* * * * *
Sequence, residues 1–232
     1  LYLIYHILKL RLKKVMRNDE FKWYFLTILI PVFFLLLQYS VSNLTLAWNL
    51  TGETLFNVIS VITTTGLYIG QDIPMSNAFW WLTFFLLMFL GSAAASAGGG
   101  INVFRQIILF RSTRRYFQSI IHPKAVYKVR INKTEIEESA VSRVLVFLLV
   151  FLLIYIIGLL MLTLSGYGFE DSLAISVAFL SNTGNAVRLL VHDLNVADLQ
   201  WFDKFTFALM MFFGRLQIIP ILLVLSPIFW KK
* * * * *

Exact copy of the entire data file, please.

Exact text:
Sequence, residues 1–232
     1  LYLIYHILKL RLKKVMRNDE FKWYFLTILI PVFFLLLQYS VSNLTLAWNL
    51  TGETLFNVIS VITTTGLYIG QDIPMSNAFW WLTFFLLMFL GSAAASAGGG
   101  INVFRQIILF RSTRRYFQSI IHPKAVYKVR INKTEIEESA VSRVLVFLLV
   151  FLLIYIIGLL MLTLSGYGFE DSLAISVAFL SNTGNAVRLL VHDLNVADLQ
   201  WFDKFTFALM MFFGRLQIIP ILLVLSPIFW KK